Bruce Neyers, '68 AS

Bruce Neyers '68 graduated from the University of Delaware with a degree in chemistry, and while his current "laboratory" may be different than the ones at UD, he is certainly putting his degree to good use.

Neyers resides in California's Napa Valley and is an accomplished winemaker. Along with his wife Barbara, also a member of UD's Class of 1968 (nee Staulcup), Bruce began Neyers Vineyards in 1992. Neyers Vineyards produces about 15,000 cases of wine each year, and it is grown on their 50-acre, organically farmed Conn Valley ranch.

Neyers, who received his minor in economics, says he wanted to become a winemaker because, “it combined science, business, people, travel and outdoor adventure in such a way that I knew I would never be bored.”

He says that the combination of activities is the best part of owning his own winery. “A typical day for me involves agriculture, sales, production, business decisions, banking and international transactions, and at the end of it, a great meal with a fascinating bottle of wine. It’s hard to top that.”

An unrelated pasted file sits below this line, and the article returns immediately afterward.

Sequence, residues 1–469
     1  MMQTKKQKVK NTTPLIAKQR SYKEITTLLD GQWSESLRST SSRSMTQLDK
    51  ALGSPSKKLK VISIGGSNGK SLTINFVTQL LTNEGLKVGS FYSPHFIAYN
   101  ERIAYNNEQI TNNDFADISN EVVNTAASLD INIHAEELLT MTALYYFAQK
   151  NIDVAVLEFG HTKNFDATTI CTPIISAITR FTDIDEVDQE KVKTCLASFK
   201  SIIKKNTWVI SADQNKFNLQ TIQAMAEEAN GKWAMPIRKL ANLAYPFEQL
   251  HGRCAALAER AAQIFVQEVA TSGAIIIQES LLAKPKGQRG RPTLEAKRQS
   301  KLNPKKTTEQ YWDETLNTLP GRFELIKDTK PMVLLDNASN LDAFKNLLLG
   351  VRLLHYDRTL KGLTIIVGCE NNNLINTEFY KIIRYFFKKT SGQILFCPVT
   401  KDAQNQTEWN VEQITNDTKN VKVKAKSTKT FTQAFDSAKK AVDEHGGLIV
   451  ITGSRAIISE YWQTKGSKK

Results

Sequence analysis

In 1999, Neyers Vineyards purchased a winery on Sage Canyon Road in the Napa Valley, producing their first vintage in this facility in 2000. In 2002, Wine and Spirits Magazine named Neyers Vineyards the Artisan Winery of the Year.

During his time at the University of Delaware, Neyers worked at the UD Bookstore, was a lab tech in Brown Hall, refereed intramural sports and was a member of Kappa Alpha, serving as the fraternity rush chairman.

Regarding his experience at UD, Neyers says, “The University of Delaware taught me how much fun it was to learn. I majored in Chemistry and minored in Economics, and these two exercises both stimulated and satisfied me, despite the fact that I wasn't an especially talented student academically.”

Reflecting on his years at the University of Delaware, Bruce says he enjoyed the atmosphere of the campus and town. “I loved the small town feel of Newark, as did my wife, and during our senior year a small art gallery was opened in Newark by the wives of two professors. My wife and I spent hours there and bought a few things from them. It opened a tremendous appreciation for art that I still have today.”